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Home is Where the Life Is

Week of August 11, 1997

Earth and Moon from Galileo The Earth is the cradle of humanity. But one cannot live in the cradle forever.

—Konstantin Tsiolkovsky, considered to be the father of space travel.

Our tour is moving outward from the Sun, stopping each week at a different body in our solar system. Part of my purpose is to point out something about each object that is unique, special, interesting. What to say about our own planet?

I tried to think of something Earth has that no other planet has. Last week's snack about Venus mentioned that Venus has almost exactly the same mass and diameter as the Earth. Many planets have an atmosphere, and the Galileo probe recently found oxygen in the atmosphere of one of Jupiter's moons (it was a trace amount, to be sure, but there nonetheless). Europa, another moon of Jupiter, appears to have a vast ocean of water underneath its surface. Mars rotates at the same rate as the Earth, and even distant Pluto has a nearby oversized moon that has greatly affected the planet through their mutual gravity. Venus even appears to have continent-sized plains raised above what would be sea level, if the temperature of Venus weren't high enough to turn water into highly energetic steam.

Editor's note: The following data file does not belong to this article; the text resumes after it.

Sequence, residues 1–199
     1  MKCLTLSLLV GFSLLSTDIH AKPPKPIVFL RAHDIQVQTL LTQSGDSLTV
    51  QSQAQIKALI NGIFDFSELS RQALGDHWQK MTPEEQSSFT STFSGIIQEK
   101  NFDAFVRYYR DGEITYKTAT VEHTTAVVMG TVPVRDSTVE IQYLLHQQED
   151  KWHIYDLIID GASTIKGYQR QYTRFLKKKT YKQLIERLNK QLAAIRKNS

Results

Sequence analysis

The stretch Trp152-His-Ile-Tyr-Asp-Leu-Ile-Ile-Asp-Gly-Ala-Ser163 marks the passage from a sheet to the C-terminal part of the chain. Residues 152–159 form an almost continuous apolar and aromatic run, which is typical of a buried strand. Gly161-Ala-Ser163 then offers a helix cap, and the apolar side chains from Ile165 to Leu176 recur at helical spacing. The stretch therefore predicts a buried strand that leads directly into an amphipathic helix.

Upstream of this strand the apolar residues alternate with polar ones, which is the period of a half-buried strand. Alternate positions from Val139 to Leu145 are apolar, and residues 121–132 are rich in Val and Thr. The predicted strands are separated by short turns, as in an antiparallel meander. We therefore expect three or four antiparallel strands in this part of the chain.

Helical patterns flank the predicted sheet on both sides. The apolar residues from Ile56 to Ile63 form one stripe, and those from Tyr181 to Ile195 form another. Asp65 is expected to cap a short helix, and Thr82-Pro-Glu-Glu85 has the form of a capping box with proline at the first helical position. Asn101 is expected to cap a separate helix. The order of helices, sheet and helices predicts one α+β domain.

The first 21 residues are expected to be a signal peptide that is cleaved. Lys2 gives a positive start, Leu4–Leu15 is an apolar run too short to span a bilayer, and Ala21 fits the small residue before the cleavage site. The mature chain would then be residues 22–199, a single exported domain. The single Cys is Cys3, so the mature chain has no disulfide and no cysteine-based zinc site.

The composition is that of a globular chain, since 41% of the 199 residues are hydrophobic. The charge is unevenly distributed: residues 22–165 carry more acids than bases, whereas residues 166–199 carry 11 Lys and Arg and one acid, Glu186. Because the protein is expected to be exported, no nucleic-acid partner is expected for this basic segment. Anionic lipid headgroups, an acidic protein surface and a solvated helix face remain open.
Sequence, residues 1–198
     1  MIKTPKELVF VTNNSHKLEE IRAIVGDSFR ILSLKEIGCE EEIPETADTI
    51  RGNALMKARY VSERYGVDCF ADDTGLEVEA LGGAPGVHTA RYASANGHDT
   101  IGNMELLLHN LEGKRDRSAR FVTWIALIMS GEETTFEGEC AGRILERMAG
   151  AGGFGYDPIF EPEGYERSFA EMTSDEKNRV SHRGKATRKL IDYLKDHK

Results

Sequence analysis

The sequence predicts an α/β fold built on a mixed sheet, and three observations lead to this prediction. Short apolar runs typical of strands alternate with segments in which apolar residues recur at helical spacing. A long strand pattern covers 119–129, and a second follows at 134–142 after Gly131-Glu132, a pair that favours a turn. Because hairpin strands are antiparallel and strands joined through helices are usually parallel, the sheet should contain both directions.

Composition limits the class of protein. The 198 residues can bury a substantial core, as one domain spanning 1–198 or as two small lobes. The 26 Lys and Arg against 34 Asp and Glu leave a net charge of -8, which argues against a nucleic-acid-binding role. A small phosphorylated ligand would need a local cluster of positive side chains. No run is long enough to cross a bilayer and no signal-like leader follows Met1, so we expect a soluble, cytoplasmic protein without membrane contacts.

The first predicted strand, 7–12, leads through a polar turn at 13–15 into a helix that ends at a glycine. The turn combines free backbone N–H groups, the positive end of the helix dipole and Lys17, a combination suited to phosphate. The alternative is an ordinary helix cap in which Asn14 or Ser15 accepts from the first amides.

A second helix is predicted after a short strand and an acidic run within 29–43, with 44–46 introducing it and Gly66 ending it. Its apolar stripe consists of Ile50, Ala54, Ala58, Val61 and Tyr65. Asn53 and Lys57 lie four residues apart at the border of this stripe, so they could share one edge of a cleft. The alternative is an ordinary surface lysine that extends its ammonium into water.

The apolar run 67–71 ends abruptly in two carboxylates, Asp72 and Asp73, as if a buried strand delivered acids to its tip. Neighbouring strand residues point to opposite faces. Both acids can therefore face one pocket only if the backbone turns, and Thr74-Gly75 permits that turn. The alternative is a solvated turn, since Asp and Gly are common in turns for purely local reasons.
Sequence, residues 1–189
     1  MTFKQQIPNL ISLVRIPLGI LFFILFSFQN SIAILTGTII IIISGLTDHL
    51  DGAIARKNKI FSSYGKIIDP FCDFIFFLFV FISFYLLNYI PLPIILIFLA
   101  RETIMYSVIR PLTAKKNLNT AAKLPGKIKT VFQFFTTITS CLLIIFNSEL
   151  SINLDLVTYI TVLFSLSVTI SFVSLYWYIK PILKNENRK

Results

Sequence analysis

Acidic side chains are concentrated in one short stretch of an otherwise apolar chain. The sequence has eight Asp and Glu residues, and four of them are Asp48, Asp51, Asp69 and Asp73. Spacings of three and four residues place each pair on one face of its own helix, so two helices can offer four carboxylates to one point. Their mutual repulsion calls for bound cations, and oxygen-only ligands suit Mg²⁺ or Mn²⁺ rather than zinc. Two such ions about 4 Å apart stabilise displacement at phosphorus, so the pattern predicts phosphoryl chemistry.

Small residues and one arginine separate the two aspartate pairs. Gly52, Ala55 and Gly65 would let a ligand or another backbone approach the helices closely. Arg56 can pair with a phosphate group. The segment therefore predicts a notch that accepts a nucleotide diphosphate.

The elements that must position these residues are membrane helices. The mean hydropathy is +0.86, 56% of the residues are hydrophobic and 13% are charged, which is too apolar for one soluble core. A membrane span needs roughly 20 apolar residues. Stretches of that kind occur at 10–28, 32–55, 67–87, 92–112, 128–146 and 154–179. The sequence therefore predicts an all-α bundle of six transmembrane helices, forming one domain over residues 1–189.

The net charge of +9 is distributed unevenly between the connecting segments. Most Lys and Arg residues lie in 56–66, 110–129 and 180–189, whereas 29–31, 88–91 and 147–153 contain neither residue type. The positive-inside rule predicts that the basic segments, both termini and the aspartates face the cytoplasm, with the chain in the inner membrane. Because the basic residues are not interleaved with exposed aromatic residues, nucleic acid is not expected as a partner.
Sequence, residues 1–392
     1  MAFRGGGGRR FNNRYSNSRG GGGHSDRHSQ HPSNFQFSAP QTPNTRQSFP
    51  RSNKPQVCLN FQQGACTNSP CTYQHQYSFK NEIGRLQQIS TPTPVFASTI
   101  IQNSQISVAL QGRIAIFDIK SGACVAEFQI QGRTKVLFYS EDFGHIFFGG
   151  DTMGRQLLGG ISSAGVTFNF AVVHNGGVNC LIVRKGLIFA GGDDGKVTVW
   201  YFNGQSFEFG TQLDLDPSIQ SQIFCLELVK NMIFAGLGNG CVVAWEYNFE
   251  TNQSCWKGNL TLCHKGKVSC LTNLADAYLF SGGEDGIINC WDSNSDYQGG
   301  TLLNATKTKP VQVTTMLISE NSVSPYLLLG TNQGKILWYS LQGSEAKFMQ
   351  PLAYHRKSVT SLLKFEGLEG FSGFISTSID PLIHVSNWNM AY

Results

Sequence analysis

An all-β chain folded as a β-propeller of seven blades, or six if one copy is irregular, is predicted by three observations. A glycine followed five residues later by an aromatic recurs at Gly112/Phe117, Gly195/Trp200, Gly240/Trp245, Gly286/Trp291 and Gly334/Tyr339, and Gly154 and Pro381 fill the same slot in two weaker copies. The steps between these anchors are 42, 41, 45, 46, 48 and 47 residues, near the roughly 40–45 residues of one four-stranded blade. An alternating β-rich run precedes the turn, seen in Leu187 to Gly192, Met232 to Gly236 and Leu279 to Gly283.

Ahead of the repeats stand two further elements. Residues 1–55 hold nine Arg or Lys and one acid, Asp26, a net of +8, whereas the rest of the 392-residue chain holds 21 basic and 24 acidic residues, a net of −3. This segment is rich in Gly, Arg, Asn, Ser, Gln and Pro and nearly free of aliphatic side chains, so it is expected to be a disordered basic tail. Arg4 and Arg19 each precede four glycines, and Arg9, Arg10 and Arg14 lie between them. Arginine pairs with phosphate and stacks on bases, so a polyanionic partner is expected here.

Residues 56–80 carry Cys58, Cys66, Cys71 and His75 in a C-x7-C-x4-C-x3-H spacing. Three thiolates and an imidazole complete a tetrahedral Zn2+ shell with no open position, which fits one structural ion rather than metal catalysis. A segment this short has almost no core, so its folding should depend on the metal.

So just what is unique and interesting about the Earth? If I may be so immodest, may I suggest that we are? Even if it turns out that life once did, or even still does, exist on Mars, that life is probably not very highly evolved. We have found no indications whatsoever of intelligent life on any other planet, let alone out in the greater Universe. We are just now starting to prove that planets exist outside our own solar system, and indeed, many people are starting to realize that planets like ours may not only be plentiful, but commonplace. Perhaps the quirks and fates of evolution have there too produced life, even intelligent life. If it has, that life will no doubt be very, very different than us. A billion tiny randomly diverging paths were taken to make us what we are today, and even in our huge universe, the odds of finding anything just like us are vanishingly small.

So take a good look at how black and empty the background is in the picture above. Everyone you have ever known, or have ever heard of, or have never heard of, was born, lived and eventually gave their elements back to that blue sphere. Unique, indeed.

©2008 Phil Plait. All Rights Reserved.

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